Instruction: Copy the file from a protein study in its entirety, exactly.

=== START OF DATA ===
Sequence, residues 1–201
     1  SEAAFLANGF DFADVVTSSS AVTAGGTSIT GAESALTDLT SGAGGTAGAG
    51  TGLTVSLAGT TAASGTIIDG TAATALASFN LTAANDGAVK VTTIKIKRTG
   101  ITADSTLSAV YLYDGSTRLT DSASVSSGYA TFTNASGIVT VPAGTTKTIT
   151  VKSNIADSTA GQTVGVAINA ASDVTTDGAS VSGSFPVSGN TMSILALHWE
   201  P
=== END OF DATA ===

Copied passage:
Sequence, residues 1–201
     1  SEAAFLANGF DFADVVTSSS AVTAGGTSIT GAESALTDLT SGAGGTAGAG
    51  TGLTVSLAGT TAASGTIIDG TAATALASFN LTAANDGAVK VTTIKIKRTG
   101  ITADSTLSAV YLYDGSTRLT DSASVSSGYA TFTNASGIVT VPAGTTKTIT
   151  VKSNIADSTA GQTVGVAINA ASDVTTDGAS VSGSFPVSGN TMSILALHWE
   201  P